A sense of timing decorated Tana Umaga's All Black career.

He knew when to take the tackle, run a decoy, offload or, as he did at the end of the Grand Slam triumph in 2005, wave farewell to the black jersey after 74 internationals.

Now his instincts have pulled him home from three years learning the coaching craft with Toulon to be player-assistant coach with Counties Manukau in the national championship.

It is a great coup for Counties and a boost for their profile to have the former All Black captain wearing the red, white and black colours from the late-June start to this year's series.

"I am excited, it has come round quickly but it is definitely time to come home," Umaga told the Herald last night.

A combination of factors provoked the decision. His family were growing up, he said, and wanted to be in New Zealand near relations. He also wanted to further his coaching career.

Counties ticked those boxes and he hoped to contribute and learn a great deal from coach Milton Haig.

"Tana is a perfect match for Counties Manukau," chief executive Phil McConnell said. "His mana, experience, professionalism and dedication are precisely what we need to take our team to the next level."

Umaga has not played for Toulon this season, but said he had trained regularly, was in good shape and thought it would take him only a few weeks to be ready to play.

He had learned a great deal about coaching from Philippe St Andre, at Toulon, and Frank Walker, with Wellington, Wayne Smith, with the All Blacks, and Murray Roulston, with the Hurricanes, had been huge influences.

Toulon had not lost at home this season and were tracking well towards the French playoffs which ran until the end of May.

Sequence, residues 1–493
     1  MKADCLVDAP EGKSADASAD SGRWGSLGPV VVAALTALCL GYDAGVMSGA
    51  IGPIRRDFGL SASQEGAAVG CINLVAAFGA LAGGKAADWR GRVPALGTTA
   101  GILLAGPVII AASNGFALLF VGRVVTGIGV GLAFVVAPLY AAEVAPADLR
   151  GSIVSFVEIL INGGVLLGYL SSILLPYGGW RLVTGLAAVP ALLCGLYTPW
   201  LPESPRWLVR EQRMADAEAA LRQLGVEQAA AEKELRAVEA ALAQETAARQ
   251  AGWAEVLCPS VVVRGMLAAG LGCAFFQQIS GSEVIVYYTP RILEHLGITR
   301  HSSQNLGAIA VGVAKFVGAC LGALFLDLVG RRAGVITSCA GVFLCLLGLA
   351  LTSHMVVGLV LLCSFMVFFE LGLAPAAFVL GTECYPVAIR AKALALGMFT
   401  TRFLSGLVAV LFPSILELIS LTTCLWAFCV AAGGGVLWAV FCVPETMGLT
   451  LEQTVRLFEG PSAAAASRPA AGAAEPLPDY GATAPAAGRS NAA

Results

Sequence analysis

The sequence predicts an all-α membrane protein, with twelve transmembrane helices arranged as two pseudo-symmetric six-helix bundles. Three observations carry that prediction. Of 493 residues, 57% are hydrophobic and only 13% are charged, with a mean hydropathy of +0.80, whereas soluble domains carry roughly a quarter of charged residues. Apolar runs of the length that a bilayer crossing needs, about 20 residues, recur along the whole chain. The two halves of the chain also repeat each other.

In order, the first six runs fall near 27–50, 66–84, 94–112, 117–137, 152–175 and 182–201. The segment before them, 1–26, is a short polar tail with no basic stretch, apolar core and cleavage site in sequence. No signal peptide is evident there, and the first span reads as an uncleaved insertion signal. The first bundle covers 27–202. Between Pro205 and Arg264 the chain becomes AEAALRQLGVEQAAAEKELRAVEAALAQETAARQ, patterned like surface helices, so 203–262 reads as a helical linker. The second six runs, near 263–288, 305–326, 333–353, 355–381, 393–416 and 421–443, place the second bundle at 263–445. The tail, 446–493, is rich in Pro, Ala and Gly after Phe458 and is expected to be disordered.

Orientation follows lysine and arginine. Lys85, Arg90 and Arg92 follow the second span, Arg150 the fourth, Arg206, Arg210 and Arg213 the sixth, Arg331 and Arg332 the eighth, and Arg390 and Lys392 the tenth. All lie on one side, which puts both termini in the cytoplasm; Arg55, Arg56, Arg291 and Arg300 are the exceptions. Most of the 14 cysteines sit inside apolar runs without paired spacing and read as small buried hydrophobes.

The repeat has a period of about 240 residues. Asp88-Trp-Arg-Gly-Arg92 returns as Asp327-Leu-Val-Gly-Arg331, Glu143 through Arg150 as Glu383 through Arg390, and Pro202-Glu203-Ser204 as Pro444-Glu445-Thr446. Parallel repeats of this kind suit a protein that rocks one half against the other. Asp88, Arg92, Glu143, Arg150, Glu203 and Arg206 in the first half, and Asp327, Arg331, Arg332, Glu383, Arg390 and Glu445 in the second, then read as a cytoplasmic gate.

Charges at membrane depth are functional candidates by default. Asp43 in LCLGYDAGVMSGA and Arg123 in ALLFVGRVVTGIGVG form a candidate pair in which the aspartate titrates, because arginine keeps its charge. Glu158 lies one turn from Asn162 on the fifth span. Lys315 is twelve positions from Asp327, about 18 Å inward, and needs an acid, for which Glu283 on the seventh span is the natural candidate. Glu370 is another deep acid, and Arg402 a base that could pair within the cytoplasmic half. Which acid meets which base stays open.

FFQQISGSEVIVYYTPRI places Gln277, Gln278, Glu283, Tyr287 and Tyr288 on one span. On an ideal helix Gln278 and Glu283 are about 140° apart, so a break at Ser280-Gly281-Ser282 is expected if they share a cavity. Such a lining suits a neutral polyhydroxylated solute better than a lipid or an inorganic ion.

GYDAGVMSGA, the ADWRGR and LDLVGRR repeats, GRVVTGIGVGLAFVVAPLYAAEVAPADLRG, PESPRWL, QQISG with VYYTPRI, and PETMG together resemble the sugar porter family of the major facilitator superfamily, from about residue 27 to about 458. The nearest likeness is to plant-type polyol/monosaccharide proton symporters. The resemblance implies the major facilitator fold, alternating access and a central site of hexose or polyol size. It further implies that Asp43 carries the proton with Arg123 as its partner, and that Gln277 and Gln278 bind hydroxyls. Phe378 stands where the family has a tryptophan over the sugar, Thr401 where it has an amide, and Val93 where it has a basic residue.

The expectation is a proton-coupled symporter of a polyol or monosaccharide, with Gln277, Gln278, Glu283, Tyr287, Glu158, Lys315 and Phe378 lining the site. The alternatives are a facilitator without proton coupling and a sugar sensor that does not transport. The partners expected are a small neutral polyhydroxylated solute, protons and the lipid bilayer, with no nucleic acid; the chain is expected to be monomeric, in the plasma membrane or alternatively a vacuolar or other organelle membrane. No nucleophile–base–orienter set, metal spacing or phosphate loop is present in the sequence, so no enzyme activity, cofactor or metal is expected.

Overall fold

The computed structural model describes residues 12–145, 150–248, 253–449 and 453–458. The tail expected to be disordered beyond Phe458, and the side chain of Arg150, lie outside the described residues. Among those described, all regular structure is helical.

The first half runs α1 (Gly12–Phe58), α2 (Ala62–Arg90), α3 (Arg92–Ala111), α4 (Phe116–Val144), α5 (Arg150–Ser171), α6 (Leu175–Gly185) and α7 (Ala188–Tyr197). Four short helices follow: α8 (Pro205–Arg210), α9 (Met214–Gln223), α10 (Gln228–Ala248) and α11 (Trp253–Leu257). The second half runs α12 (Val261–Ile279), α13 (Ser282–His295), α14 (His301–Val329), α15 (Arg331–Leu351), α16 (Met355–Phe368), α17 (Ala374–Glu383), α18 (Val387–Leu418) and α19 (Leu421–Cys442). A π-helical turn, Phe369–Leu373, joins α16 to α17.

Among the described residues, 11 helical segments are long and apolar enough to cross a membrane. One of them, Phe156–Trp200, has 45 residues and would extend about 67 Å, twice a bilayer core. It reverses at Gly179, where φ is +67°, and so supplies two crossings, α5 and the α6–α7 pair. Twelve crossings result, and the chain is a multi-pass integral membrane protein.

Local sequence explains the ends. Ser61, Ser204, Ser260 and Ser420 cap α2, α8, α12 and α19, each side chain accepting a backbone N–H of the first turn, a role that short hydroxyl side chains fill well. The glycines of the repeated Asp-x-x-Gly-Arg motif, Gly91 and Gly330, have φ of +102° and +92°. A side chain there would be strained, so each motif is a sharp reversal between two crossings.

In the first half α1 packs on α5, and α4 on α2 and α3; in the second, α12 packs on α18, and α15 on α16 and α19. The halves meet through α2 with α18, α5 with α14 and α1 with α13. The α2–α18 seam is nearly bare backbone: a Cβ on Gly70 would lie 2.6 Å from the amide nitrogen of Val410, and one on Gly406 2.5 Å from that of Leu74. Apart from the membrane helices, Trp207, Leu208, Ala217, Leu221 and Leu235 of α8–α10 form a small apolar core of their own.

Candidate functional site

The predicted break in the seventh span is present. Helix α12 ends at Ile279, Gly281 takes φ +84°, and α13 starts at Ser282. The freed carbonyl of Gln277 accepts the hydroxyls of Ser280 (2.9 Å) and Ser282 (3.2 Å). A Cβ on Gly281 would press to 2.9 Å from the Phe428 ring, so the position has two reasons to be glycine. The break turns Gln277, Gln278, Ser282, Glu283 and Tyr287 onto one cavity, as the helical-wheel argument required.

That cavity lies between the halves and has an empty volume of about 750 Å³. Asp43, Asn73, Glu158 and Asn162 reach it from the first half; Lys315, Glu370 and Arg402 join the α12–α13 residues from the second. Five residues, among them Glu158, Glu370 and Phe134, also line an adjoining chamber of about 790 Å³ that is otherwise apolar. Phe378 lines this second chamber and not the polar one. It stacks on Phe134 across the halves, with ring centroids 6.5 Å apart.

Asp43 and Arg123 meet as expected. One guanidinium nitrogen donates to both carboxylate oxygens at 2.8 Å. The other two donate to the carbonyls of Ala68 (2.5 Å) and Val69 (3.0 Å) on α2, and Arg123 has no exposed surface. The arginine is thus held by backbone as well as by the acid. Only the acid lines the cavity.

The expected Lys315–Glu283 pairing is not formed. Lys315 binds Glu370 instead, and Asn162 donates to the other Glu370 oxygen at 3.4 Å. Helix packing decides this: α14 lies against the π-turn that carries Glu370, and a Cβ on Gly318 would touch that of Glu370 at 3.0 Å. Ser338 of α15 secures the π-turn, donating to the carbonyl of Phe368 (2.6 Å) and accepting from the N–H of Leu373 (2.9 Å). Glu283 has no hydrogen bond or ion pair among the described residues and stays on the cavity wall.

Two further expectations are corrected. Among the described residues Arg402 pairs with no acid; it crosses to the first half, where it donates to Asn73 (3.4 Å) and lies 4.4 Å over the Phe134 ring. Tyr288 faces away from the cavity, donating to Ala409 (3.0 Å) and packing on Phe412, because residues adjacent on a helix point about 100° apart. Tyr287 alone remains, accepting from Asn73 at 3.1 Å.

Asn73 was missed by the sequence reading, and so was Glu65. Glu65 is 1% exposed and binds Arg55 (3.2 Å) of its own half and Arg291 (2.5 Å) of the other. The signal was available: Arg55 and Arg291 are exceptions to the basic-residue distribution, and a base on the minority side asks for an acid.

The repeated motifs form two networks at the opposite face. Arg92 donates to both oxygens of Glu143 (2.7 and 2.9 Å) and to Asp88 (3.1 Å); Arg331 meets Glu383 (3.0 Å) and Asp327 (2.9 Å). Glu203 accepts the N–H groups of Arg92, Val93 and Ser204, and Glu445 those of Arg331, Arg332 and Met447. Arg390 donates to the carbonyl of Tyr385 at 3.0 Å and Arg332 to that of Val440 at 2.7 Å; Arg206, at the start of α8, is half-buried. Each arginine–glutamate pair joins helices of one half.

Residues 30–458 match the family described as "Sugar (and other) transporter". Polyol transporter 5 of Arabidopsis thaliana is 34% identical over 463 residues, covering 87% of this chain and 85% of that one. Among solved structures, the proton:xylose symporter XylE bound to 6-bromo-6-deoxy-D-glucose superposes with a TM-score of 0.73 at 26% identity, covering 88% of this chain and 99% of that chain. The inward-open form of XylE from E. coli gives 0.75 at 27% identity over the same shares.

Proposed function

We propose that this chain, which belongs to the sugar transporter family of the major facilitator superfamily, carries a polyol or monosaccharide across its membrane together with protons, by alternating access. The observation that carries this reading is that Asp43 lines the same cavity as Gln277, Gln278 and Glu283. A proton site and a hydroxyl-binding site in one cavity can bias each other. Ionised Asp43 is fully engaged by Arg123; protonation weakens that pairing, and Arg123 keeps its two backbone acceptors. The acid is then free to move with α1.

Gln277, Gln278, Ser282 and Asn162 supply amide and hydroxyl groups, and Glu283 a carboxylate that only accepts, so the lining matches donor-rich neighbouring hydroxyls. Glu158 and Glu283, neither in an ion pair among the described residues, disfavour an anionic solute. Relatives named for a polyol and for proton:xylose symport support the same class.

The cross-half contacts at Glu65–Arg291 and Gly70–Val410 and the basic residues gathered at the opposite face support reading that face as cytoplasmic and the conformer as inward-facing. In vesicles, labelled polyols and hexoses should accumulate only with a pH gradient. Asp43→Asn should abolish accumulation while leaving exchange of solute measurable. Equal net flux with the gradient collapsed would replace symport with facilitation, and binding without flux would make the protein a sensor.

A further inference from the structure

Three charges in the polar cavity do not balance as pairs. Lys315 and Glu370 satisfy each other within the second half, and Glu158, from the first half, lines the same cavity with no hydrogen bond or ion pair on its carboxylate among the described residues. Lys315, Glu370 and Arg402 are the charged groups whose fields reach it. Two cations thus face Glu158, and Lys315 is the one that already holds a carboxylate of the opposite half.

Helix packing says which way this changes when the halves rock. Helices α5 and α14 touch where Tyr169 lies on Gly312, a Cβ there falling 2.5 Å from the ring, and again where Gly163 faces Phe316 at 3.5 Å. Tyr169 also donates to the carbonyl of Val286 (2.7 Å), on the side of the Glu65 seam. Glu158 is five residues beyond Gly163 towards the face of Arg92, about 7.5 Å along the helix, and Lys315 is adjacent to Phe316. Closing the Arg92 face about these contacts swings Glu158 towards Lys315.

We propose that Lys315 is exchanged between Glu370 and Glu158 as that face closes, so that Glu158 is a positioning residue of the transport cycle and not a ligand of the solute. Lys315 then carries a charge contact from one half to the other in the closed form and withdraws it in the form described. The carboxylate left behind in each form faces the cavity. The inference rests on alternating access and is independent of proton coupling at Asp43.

"He will be leaving Toulon in much better shape than when he arrived," said Duncan Sandlant, managing director of Point Sports Management, who represent Umaga.

"That is in no small part due to his unique ability to be able to bring players from different nationalities, cultures, languages and egos together to build a successful rugby team."

Umaga said he had learned a great deal about himself, he had absorbed all the forces that were at play both on and off the field and what was required to deal with those situations.

"It is both frustrating and rewarding, but players always learn a lot from coaches and that is my role, to pass on my experiences and help the players through all sorts of situations."

He had watched the rapid development of Sonny Bill Williams in his transition from league and was sure he would make an extremely good rugby player.

Williams was finally injury-free and fulfilling his potential. He was playing centre but also trained in the forwards and Umaga said he had all the attributes to make an international looseforward.

Umaga said he did not know Williams' plans, nor was he aware whether former All Black tighthead Carl Hayman was in the mix for Toulon next season.

"I don't have a big say in recruitment," said Umaga.

"The lifestyle and culture is great, the money is good, the skies blue, but I don't know whether Carl is ready to return to New Zealand or not."